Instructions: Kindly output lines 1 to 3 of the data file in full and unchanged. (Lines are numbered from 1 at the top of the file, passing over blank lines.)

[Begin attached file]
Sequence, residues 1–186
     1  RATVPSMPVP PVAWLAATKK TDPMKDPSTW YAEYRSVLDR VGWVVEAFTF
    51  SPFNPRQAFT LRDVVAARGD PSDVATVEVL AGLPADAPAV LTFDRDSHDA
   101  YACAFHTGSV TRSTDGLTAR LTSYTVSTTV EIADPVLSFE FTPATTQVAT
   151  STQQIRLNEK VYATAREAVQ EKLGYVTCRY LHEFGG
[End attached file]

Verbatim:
Sequence, residues 1–186
     1  RATVPSMPVP PVAWLAATKK TDPMKDPSTW YAEYRSVLDR VGWVVEAFTF
    51  SPFNPRQAFT LRDVVAARGD PSDVATVEVL AGLPADAPAV LTFDRDSHDA